Each of these three possibilities entails a substantial financial risk—up to tens of thousands of dollars—that most of you probably couldn’t afford. That’s why you need basic cruise insurance that covers all three contingencies.
Some “gold plated” cruise insurance policies cover a handful of other contingencies, such as lost baggage, delayed flights, and such. However, the financial risks of those contingencies are much less; in my view, they don’t warrant the extra costs of a high-cost insurance policy.
Although most cruise insurance programs cover the basics, you’ll find differences in “covered” reasons for cancellation:
- Almost all policies allow you to cancel or return early in the event of sickness or an accident affecting you, a traveling companion, or a close family member remaining at home. Most cover outbreaks of terrorism or natural disasters at your destination area; most cover calls to jury duty, to active duty in the armed services, or court subpoena; most cover major damage to your home; many cover accidents or other mishaps on the way to/from airports or ports.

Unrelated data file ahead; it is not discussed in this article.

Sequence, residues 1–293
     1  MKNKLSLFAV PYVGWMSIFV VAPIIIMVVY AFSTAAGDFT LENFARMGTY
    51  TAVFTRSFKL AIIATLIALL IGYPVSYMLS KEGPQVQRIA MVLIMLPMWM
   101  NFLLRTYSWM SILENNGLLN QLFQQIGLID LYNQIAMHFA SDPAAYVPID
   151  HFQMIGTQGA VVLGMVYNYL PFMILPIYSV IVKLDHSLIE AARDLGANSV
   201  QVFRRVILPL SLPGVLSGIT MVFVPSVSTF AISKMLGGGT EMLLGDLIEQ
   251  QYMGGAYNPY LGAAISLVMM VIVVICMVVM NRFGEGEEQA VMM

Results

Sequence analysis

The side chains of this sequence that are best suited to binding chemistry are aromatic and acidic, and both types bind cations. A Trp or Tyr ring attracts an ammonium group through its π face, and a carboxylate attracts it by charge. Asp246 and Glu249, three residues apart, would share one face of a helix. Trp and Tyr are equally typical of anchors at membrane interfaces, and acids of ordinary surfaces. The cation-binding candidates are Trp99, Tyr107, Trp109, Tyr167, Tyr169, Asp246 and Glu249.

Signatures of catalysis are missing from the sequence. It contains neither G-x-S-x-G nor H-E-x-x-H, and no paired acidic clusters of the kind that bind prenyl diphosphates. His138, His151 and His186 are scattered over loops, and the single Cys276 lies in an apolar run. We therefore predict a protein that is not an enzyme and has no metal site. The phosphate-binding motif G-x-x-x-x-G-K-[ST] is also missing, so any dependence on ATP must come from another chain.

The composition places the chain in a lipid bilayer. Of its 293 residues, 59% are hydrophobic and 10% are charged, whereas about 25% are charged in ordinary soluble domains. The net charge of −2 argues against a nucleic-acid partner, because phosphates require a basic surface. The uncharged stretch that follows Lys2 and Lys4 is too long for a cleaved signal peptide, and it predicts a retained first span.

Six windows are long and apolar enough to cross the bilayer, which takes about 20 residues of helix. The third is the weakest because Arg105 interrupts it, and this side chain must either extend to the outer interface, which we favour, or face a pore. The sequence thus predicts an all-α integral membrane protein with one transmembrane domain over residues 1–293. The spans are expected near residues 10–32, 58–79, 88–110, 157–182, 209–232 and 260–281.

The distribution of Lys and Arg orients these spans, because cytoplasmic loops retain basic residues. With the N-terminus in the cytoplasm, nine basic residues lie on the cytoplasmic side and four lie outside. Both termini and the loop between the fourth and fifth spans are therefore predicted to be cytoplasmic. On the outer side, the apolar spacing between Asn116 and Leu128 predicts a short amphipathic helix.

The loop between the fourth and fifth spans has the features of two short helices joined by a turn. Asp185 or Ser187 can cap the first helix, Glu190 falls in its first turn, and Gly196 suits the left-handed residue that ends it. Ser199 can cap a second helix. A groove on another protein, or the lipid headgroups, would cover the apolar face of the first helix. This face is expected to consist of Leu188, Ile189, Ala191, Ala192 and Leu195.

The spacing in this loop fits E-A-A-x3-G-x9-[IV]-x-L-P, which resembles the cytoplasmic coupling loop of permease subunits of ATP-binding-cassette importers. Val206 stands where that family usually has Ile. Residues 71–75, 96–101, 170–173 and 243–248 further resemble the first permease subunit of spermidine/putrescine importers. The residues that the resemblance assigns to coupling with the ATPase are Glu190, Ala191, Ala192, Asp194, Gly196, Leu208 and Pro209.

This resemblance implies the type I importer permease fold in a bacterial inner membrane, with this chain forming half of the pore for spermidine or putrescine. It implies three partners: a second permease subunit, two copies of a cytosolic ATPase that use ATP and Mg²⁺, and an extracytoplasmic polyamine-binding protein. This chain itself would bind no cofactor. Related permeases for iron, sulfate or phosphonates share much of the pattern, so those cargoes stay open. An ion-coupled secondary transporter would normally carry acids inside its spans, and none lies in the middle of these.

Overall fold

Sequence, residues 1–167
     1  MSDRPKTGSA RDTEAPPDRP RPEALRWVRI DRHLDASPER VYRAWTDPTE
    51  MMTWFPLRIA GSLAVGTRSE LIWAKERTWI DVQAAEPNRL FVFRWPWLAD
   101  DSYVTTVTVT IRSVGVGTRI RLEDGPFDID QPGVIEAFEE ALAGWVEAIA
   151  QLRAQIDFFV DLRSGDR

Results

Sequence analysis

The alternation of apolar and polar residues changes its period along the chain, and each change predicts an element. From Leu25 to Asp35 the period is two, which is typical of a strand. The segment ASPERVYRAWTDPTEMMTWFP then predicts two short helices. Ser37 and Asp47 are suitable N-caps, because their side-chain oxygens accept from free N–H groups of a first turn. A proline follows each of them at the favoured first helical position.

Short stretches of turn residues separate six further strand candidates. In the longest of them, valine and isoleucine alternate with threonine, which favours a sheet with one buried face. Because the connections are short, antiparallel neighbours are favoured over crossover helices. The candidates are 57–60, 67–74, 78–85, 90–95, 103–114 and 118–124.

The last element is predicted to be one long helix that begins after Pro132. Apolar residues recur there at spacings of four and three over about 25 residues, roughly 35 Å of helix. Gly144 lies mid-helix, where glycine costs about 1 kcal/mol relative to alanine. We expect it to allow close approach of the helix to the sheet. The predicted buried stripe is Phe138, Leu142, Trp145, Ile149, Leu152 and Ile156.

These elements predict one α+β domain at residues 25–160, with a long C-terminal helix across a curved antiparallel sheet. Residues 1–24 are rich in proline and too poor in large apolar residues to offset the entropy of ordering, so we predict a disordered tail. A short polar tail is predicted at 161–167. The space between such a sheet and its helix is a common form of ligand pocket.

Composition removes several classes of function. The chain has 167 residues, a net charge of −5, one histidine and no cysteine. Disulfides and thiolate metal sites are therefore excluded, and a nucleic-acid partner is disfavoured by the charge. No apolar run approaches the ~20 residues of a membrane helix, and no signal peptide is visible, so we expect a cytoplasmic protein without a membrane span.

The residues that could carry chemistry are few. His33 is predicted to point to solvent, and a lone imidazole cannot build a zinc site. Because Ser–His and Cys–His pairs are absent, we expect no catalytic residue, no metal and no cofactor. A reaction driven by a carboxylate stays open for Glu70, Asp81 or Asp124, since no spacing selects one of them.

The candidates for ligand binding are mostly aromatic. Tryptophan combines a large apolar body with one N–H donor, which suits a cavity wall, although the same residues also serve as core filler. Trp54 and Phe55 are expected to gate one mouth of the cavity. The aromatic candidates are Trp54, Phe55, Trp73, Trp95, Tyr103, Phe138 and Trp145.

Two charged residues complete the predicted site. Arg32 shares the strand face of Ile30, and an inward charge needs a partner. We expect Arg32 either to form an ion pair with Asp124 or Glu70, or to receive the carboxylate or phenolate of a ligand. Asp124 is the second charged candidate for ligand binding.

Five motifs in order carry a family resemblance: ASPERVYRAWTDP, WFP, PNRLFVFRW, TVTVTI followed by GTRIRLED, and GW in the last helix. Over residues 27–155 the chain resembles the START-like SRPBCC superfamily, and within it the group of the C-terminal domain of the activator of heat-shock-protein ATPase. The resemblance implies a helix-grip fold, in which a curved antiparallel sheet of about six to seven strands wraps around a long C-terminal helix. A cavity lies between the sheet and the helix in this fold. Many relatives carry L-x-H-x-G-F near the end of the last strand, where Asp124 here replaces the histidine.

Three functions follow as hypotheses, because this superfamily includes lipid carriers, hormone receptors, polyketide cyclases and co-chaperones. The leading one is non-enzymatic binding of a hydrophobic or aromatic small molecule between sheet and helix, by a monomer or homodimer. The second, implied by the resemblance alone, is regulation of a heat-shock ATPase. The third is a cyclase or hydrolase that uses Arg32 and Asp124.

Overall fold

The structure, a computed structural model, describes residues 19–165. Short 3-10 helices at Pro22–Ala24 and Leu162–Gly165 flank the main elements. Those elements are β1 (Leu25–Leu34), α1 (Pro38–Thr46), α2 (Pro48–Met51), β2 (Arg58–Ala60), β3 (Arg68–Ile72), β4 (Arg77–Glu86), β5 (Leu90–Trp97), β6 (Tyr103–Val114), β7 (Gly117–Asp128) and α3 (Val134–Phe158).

- Most policies allow you to cancel or return early in the event of accident or illness affecting, at a minimum, spouses, parents, and children who remain at home. Some include aunts and uncles, in-laws, and other more extended members.
You can sift through specific differences when you compare policies.
Only one set of policies, however—from TravelSafe—offers options that allow you to cancel for any reason, including business reasons (not covered by any others) or even if you just don’t feel like getting out of bed. However, policies that include any-reason cancellation are more expensive than more conventional options.
Waivers or true insurance?
Cruise “insurance” comes in two basic flavors:
- True insurance provides full TCI, TII, and Medevac coverage that extends from the time of your first deposit until you return home. Typically, you buy this type of insurance through travel agencies or third-party brokers, although some cruise lines also sell it.